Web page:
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February 2013

Community Transit aims for 25% ridership boost

Before the recession hit in 2009, Everett, Wash.-based Community Transit was well on its way to reaching its goal of 12 million annual boardings. Now, after being forced to cut 37% of its service over the past three years, the agency is ready to bounce back — by being more productive with its existing service.

“We can’t add service because we don’t have the money to do it,” said Martin Munguia, public information officer for Community Transit. “But at the same time, we know that there’s a lot of demand, so we’ve made a goal for ourselves to increase our ridership about 25% over the next five years.”

The agency is looking to scrap underutilized service and focus its efforts on providing more effective routes. With this approach, it hopes to increase the 9.2 million riders it saw in 2012 to 12 million by 2017.

“We want to find a way to shift some of our service around — maybe not run as many of the unproductive trips and add those trips to the highly productive routes, where we’re going to see a lot more ridership,” Munguia explained.

In 2011, the agency replaced some of its 60-foot articulated buses used for commuter service to Seattle with double-decker buses, called “Double Talls,” which added 30% passenger capacity without increasing operating costs. Despite this, one of the problems Community Transit has seen, according to Munguia, is excessive numbers of standees on these popular routes.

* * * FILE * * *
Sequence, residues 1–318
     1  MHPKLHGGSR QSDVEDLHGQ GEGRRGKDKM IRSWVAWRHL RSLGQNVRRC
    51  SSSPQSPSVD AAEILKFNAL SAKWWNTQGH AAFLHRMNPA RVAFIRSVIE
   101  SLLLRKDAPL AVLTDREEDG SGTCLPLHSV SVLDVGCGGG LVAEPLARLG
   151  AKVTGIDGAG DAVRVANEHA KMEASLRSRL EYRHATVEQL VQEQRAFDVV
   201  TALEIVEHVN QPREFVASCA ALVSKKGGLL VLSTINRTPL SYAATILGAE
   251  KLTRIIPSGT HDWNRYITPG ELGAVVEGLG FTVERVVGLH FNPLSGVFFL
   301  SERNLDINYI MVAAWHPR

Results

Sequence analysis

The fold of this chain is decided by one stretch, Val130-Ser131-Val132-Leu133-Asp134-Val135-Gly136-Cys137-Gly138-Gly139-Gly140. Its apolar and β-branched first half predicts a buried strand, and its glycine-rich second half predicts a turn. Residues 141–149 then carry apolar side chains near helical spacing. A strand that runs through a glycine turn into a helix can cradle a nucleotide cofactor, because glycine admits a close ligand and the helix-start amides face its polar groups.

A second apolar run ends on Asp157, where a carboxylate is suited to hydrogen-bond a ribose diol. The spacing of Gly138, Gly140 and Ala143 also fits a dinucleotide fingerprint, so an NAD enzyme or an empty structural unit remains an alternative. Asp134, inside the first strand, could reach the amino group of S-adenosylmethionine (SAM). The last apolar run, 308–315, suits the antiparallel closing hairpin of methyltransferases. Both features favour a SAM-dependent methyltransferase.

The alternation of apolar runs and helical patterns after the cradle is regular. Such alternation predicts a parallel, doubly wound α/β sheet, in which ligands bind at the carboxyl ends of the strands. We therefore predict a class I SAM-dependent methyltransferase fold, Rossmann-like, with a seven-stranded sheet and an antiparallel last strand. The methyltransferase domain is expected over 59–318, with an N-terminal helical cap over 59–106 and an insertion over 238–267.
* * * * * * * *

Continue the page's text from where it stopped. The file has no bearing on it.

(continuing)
“We have some double-decker buses, and they have 77 seats. We see many trips with over 100 passengers on those buses,” he said.

To reduce the number of passengers without seating, the agency will now move buses from quiet routes to busier ones. Community Transit will also be able to add 30 trips a day to the Seattle commuter service starting next month, thanks to a grant from the Federal Transit Administration.

Moreover, to cultivate ridership during off hours, the agency is looking to use promotional advertising and social media campaigns to urge riders to use public transit during lunch time or to get to recreational activities.

“Through our peak times — the morning and afternoon rush hours — that’s when we have about 75% of all of our riders onboard. So that means, in the evening and in the middle of the day, the buses are less full,” Munguia said. “We are trying to get people excited about using the bus on those off periods.”

Munguia also pointed out that the best part of Community Transit’s new plan is that it focuses on data, rather than trial and error.

“Back [before the recession], a lot of transit agencies put bus service out in communities to see if people would come,” he explained. “And now, we’re taking much more of a data-driven, productivity-conscious approach.
“Any new service we’re going to add, we’re really going to analyze the statistics,” he added. “We’re only going to put service where we know people are going to ride it.”   


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